Aaron Sorkin’s ‘Molly’s Game’ Is Based on a Messy True Story


The big picture

  • Molly Bloom was a competitive skier turned poker entrepreneur who rubbed elbows with stars and A-list mobsters.
  • Bloom's lavish lifestyle led to addiction, encounters with Russian mobsters, and eventual legal trouble.
  • After being arrested and accused of running an illegal poker empire, she published a memoir that eventually became the basis of the film.
    Molly's game
    directed by Aaron Sorkin.

Having deployed his trademark verbal fireworks through plays, scripts and teleplays for decades, it was only a matter of time before the renowned wordsmith. Aaron Sorkin would try his hand at directing films. In 2017, he did just that when he stepped behind the camera to direct Molly's game. Based on the 2014 novel of the same name, Sorkin's directorial debut follows the story of Molly Bloom (Jessica Chastain), a budding Olympian who transitioned into a world of ruthless entrepreneurship where she ran an underground poker empire.

Rub elbows with the rich and famous, Bloom was very successful in his business endeavors, though it all came to a screeching halt when, while battling personal demons, he caught the attention of the FBI and Russian mobsters. Featuring one of Jessica Chastain's best performances alongside stellar supporting turns IdrisElba i Kevin Costner, Molly's game tells Bloom's stranger-than-fiction tale of ambition, self-discovery, and redemption with Aaron Sorkin's signature writing and assured direction. But how faithful is the film to the story that inspired it?

Molly's game

Publication date
December 25, 2017

Aaron Sorkin

Execution time

Molly Bloom was a competitive skier and bartender before overseeing a poker empire

Years before she ran lucrative poker games, Molly Bloom grew up among the best and was a skilled skier with hopes of competing in the Olympics. “Literally, if you weren't the best in the world in my family, it wasn't impressive,” she recalls. “I was looking for that thing that made me feel fulfilled inside.” After training under the tutelage of his loving but domineering father and competing at a high level, he excelled in the sport and was ranked third in the country while in college, but abandoned his aspirations to compete even more in favor of other efforts.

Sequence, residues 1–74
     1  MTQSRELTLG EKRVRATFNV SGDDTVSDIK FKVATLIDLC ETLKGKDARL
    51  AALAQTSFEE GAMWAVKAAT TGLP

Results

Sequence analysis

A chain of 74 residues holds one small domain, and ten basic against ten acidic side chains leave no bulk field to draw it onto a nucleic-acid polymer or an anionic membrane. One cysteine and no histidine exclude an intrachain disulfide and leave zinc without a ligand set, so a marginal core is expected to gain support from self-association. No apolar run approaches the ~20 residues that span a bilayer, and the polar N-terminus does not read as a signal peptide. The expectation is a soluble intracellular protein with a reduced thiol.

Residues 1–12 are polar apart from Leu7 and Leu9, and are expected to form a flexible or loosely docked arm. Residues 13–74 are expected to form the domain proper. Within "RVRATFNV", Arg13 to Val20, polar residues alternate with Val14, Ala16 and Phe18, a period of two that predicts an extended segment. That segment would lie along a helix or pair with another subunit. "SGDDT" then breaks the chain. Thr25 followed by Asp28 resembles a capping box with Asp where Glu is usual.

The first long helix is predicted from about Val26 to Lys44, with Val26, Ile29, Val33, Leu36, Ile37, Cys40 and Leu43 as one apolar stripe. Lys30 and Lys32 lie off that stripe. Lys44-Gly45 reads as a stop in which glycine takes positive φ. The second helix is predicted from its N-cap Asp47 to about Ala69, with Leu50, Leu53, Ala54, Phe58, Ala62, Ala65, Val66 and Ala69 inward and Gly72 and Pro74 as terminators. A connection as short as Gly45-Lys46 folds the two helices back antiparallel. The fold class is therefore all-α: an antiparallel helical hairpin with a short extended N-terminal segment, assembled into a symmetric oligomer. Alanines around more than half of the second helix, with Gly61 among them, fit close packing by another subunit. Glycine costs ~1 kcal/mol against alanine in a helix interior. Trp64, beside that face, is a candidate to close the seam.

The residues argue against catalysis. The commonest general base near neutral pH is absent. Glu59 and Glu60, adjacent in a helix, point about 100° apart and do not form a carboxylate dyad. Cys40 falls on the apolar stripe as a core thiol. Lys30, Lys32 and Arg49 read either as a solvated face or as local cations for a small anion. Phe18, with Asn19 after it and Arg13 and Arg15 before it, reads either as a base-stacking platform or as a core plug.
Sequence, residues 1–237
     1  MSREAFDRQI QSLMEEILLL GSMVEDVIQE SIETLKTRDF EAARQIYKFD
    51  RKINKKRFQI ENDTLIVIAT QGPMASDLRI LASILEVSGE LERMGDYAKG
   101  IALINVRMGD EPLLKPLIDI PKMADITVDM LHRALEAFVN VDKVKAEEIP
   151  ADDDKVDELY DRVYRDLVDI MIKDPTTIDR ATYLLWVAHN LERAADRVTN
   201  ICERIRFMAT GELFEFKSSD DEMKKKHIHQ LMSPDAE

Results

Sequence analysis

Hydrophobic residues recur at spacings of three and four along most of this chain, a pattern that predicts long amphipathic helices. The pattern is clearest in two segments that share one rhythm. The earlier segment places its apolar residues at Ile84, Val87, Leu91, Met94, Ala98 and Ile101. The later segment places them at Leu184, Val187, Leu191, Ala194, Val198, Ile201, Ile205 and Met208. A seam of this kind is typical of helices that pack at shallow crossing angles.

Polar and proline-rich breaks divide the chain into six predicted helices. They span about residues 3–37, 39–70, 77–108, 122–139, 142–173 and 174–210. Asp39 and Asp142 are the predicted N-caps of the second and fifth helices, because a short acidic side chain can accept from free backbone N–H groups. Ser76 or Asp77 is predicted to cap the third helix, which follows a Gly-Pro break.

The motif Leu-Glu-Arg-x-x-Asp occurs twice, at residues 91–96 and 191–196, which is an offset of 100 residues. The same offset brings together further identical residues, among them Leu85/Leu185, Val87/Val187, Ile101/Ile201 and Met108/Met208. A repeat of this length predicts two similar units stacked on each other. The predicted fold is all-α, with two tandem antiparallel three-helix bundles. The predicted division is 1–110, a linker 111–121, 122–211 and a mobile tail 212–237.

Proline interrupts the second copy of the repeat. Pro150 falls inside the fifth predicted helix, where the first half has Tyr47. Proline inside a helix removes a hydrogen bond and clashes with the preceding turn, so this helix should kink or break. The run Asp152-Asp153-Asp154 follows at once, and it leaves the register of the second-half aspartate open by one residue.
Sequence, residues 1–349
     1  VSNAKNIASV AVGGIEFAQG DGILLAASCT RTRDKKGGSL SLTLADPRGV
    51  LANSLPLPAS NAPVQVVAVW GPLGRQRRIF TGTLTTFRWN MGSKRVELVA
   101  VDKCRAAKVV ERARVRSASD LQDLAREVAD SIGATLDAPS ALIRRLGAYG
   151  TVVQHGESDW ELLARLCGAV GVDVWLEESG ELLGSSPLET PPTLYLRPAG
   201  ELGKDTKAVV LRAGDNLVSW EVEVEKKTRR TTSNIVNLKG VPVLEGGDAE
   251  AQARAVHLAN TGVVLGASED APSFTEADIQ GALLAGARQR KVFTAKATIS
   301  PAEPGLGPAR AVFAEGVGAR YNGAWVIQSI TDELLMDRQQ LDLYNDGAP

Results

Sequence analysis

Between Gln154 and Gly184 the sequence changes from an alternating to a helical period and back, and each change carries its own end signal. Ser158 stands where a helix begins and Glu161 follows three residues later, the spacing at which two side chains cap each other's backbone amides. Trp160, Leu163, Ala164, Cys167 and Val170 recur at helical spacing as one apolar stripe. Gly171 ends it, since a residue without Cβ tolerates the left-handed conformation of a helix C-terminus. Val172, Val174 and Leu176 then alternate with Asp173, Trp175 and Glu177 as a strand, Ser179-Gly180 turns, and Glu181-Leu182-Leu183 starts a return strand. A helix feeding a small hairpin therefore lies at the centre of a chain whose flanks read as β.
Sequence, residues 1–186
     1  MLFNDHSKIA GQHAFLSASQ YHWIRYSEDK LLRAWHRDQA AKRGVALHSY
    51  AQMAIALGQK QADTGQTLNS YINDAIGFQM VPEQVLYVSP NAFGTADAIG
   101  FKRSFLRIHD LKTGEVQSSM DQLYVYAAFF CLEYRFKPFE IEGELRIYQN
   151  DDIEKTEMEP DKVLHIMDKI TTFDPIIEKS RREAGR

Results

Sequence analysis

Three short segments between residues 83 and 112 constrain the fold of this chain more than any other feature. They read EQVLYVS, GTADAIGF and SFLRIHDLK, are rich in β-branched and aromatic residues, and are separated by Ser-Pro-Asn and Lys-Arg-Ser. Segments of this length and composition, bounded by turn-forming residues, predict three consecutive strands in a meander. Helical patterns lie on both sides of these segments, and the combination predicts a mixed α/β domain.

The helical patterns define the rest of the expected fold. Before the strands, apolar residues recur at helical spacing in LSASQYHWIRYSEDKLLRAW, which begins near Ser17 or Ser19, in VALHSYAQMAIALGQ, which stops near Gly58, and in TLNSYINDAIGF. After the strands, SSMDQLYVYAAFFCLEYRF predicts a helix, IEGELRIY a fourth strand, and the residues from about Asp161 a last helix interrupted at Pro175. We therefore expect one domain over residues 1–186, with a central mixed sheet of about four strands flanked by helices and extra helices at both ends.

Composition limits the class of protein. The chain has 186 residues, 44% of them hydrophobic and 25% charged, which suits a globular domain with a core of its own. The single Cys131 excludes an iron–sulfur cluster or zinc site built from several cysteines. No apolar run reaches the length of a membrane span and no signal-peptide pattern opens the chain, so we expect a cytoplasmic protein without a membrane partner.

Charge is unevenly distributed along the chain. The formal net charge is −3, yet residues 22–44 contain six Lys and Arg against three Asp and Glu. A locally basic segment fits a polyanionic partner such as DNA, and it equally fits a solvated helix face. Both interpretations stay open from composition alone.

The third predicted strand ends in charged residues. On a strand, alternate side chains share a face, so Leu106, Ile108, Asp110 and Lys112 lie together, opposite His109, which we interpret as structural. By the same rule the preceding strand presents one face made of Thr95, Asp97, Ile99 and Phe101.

With skiing behind him, Bloom moved to Los Angeles. After working as a waitress, she was almost – and accidentally – nearly hit by a man in her car who, recognizing her work uniform, offered her a position in a restaurant and a job as an assistant. The man, to whom Bloom refers Reardon Green in his book, he also co-owned the Viper Room, a local club where he hosted poker games with the tinsel town's elite. After working for and alongside Green, and becoming familiar with the world of high-stakes underground gambling, Bloom was fired. but not before amassing enough knowledge, experience and personal contacts to lay the foundation for what would become his poker empire..

Molly Bloom rubbed elbows with Hollywood stars and mobsters

While the identities of high-profile celebrities who played Molly Bloom's games are obscured in Aaron Sorkin's film, the entrepreneur did not hesitate to put names in her book. According to Bloom, A-listers included Tobey Maguire, Leonardo DiCaprioi Ben Affleck frequented his games. Known as Player X (Michael Cera) in Molly's game, Maguire made quite an impression, albeit not in the most charming way, allegedly behaving in a degrading and abusive manner. For TIME, one occasion saw the actor offer Bloom $1,000 to “bark like a seal,” and later taunt her over the phone after she lost control of her lucrative Los Angeles game. In 2017, when he asked her vice if she could ever look at Tobey Maguire as Spider-Man the same way again, she replied, “I haven't even tried.”


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As Molly Bloom's profile rose, so was his indulgence in alcohol, drugs and financial gain. she said vulture, “I think I thought it was a rough time in my life, that this was just contextual, and I realized that it really wasn't: that I really was an addict.” Locked up in the Plaza Hotel in New York City, Bloom was running poker games that, according to people, required purchases of up to $250,000 and hosted gamblers whose losses often ran into millions. Eventually, and perhaps inevitably, he attracted the attention of Russian mobsters, whose offer of security in exchange for profits declined. In response, she was assaulted and robbed weeks later by an associate of the men she rejected. “It was a very dark thing that happened during the darkest time of my life,” Bloom said vice.